Storylab


Open to all students from all majors and levels of experience

StoryLab’s mission is to help Stanford students, faculty and staff learn the craft of Storytelling. Let us help you build vivid, compelling stories out of your research, personal experiences, imagination, and insights.

Every StoryLab begins at 1pm with an hour workshop with an accomplished storyteller. We examine the craft of one great performed story or one skill that will make you a better storyteller in any medium. Then, from 2 to 4pm, our staff is available for one-on-one mentoring to help you discover, develop, and deliver any story.

Stanford Students feel free to drop in - non-students need to make appointment by emailing This e-mail address is being protected from spambots. You need JavaScript enabled to view it .

Upcoming Schedule

StoryLab Spring 2014

Date Description Facilitator
Apr 4 Become a Sentence Doctor
We all enjoy elegant prose, but we often have trouble achieving it. In this StoryLab, we’ll meet a writer troubled by her inability to write clearly. Together we’ll diagnose her maladies, and, in the process, you’ll discover fundamental strategies for effective writing.
Charlie Mintz,
Senior Producer, State of the Human
Apr 11 History Telling
Sometimes the best way to understand history is through a collection of stories. In this StoryLab we'll hear someone's experience of the day JFK died, and we’ll mine our own memories to illuminate historical events. Then we’ll figure out new ways to remember and convey history.
Nina Foushee
Producer, State of the Human
Apr 18 Walk into a Story
Discover from Sam Greenspan, of 99% Invisible, how to use your feet to tell perception-augmenting stories. With Sam, we’ll learn what we need to go on a quest for sound and story, and how to make a scene. Then you’ll decide if you want to become a radical pedestrian!
Sam Greenspan,
Radio Reporter and Producer, 99% Invisible
Apr 25 The Art of Sherman Alexie
Sherman Alexie is coming to campus Saturday April 25th! To get us ready for his visit, State of the Human’s Producer Joshua Hoyt will help us unpack the craft elements that make Sherman Alexie’s prose and poetry so compelling. Then we'll try them on for size! Plus you’ll know exactly what to ask Sherman Alexie that evening!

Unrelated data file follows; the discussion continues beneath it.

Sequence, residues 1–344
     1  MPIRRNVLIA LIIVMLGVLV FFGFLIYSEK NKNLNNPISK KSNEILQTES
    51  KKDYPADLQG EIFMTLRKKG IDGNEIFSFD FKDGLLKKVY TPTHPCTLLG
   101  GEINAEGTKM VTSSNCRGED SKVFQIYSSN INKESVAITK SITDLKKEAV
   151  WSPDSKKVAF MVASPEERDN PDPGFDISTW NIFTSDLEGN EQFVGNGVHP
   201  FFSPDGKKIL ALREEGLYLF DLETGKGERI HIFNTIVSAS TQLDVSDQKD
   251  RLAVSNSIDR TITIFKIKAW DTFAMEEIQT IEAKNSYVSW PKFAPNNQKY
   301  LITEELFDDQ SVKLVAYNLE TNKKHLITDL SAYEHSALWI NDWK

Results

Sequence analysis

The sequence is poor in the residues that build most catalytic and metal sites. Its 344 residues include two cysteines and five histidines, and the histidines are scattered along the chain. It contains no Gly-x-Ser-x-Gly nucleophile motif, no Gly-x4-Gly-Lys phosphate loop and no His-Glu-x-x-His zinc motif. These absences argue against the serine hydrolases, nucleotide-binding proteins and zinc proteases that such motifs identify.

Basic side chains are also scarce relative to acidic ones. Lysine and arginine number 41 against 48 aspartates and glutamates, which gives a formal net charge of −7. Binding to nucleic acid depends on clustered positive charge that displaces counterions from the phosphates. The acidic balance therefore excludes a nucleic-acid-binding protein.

Josh Hoyt,
Producer, State of the Human
May 2 Explore Storytelling Through Fiction and Memoir
The techniques of powerful storytelling are similar in all varieties of the stories we tell -- whether in fiction or memoir. In this workshop, we’ll discuss how to choose the form that’s best suited to your material, and we’ll use exercises and published essays to explore elements such as image, voice, and narrative arc, that are essential to all storytelling. You'll come out of the workshop with a short, finished piece of writing.
Molly Antopol,
Jones Lecturer, "Writer of Seismic Talent"
May 9 Audio Editing Nitty Gritty
Back by popular demand, Pat Mesiti-Miller will delve deeper into the intricacies of sound editing. Together we’ll explore how to loop a tune to create the perfect arrangement between voice and music, and you’ll learn to sound design your way out of (almost) any problem!
Pat Mesiti-Miller,
Producer and sound engineer, Snap Judgment (NPR)
May 16 Dig for Gold
During interviews, it is sometimes hard to get people talking. Really talking -- not just spouting what they think you want to hear. Award winning reporter Marianne McCune (Planet Money, WNYC, and Radio Rookies) has us test drive her interview strategies, ranging from total honesty and candor, to waiting quietly, playing dumb, prodding or even confronting! You’ll learn how to get people to open up, think out loud, and give you the golden nuggets you're looking for.
Marianne McCune,
Producer, Planet Money, WNYC, and Radio Rookies
May 23 Found Sound
There is a wealth of sounds just at our fingertips, and we don’t always know it. State of the Human's Managing Editor takes us on a tour of the Stanford archives. Together we’ll look at how to use historical sounds, and you’ll learn to make your stories come alive.
Rachel Hamburg,
Managing Editor, State of the Human
May 30 Bridge the Techie/Fuzzie Gap
Do you have a great science story that must be told? In this lab, award-winning playwright Gab Cody will show how narrow personal storytelling can illuminate broad scientific topics. Together we’ll use techniques inspired by Anne Bogart’s Viewpoints composition and performance method to help you tell compelling science-based stories.